Legacy Blog 9: 2 + 2 = 1

Thursday, March 23, 2006

Greetings, readers. I haven’t released a blog in a while, and today seemed like a superb day to do it. I have made a breakthrough. Oppositivity is much more than what I originally conceived. It turns out that trinary opposites may exist. At that, quaternary, quinternary, hexanary (if that isn’t a word, it is now) may also compose many contructs in the field of R.

Allow me to explain. In trinary oppositivity, each of the three objects is the complete opposite of the other two. In quaternary, each is the complete opposite of the other three. The reader may question how this works. Plainly, the convention of and – can no longer be used. Let us instead develop symbols of oppositive orientation, beginning, for simplicity, with tertiary. Say the construct A is the complete opposite of B and C, while B is the complete opposite of A and C, and C is the complete opposite of A and B. So, then, what is one with respect to another? In binary oppositivity, A = -B if A and B are opposites. But -A = B. A construct’s identity is defined as A (or A). In a tertiary system, the first construct is labeled A, the second B, and third C. The system will use <,^, and > to differentiate the oppositivity of the system. The symbols do not mean less than, to the power of, or greater than in this notation. The symbols shall be known as left (<), up (^), and right (>).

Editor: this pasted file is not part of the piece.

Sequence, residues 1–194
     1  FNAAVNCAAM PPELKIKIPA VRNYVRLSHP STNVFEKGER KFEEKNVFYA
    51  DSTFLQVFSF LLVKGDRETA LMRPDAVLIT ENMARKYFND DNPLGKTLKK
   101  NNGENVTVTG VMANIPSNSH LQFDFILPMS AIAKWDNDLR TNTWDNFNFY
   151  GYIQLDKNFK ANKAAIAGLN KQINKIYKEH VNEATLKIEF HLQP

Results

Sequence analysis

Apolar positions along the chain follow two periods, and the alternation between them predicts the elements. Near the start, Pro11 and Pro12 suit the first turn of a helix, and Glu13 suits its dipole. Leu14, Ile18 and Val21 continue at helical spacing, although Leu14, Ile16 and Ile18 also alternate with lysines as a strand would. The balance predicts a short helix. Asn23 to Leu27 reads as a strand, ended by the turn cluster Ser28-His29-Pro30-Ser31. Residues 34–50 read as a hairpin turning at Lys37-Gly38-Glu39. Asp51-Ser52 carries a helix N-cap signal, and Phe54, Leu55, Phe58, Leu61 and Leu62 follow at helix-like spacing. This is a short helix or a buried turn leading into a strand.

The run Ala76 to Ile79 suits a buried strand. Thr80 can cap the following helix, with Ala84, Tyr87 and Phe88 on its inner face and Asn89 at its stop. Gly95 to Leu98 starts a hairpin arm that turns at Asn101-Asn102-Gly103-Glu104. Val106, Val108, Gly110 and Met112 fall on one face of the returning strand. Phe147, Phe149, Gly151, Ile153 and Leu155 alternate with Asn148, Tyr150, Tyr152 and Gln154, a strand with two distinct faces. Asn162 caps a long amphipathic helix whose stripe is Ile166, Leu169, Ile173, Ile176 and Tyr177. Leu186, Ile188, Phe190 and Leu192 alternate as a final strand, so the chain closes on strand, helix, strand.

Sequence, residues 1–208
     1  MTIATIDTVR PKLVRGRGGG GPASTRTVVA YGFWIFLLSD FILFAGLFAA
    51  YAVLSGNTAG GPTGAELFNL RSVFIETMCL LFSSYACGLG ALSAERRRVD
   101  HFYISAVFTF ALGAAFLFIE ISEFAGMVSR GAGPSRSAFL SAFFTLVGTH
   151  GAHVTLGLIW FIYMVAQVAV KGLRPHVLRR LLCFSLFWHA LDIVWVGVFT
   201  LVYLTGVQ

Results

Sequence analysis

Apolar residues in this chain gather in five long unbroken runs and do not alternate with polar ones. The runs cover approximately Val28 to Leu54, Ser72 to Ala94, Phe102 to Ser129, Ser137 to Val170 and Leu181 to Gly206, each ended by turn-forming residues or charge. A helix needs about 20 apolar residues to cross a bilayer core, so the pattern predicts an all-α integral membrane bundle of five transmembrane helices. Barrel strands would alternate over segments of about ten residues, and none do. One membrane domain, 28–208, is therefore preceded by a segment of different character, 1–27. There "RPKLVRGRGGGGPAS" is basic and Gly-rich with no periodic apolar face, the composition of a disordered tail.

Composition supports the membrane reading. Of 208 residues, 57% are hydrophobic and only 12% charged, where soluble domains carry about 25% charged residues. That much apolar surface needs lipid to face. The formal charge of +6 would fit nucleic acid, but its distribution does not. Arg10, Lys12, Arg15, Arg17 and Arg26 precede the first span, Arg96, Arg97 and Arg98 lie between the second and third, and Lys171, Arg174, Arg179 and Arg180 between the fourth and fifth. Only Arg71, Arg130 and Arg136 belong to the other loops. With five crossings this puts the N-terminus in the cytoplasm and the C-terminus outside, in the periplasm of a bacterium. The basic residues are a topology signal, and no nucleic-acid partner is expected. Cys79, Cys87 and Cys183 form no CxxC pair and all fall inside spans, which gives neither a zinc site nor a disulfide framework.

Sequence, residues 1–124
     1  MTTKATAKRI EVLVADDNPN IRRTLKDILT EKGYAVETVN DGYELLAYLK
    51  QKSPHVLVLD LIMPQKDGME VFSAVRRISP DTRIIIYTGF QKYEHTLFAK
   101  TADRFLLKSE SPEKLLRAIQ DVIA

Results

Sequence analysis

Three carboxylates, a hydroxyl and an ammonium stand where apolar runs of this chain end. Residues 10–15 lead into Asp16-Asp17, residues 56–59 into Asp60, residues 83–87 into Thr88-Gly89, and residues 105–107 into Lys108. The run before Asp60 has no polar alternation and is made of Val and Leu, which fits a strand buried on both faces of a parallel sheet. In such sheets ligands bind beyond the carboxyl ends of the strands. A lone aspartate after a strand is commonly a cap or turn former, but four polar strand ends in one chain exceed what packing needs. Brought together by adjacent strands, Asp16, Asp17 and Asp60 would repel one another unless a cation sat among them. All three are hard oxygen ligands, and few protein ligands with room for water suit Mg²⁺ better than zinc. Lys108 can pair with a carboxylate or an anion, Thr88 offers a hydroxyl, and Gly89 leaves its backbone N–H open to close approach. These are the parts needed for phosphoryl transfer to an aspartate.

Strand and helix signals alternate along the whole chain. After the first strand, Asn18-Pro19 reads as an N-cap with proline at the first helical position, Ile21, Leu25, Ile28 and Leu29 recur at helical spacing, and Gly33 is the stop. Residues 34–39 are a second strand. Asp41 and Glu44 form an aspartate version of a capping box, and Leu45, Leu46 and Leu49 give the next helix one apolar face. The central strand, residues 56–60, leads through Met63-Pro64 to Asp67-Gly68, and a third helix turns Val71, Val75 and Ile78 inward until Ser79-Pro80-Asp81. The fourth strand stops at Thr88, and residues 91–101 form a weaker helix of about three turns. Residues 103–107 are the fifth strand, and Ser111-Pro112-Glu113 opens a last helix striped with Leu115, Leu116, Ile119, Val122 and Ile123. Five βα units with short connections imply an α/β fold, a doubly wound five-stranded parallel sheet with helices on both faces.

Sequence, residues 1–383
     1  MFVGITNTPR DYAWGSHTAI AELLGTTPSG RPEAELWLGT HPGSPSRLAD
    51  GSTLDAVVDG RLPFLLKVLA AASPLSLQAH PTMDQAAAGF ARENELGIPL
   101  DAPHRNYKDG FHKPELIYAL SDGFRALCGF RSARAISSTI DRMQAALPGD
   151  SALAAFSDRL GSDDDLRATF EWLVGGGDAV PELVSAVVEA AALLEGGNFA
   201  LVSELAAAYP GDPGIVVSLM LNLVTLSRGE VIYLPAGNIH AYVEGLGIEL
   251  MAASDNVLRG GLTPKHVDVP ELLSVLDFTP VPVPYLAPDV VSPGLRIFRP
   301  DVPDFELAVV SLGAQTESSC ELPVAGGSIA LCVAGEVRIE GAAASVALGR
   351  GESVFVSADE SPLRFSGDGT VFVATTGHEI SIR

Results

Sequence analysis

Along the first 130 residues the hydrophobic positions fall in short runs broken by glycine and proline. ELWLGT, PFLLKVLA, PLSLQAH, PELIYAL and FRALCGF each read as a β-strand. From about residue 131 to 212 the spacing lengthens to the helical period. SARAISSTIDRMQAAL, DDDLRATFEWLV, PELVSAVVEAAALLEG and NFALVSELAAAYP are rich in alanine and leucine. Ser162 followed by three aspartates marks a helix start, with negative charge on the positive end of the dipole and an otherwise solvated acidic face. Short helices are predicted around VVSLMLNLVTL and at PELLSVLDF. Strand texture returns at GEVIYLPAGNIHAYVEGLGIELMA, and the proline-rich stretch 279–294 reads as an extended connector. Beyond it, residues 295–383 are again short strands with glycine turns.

The identity of the system can be a number of equations

<A = ^B = >C

<B = >A = ^C

<C = >B = ^A

Wowsers. What a neat little trick we have. The reader may wonder why such a method would ever be needed. Trinary oppositivity can occur throughout the membranes of reality, but there is no clear example of it in three dimensions. Once I dicover more exciting properties about higher base opposites, I shall post them. I will edit this blog with new information. Stay tuned!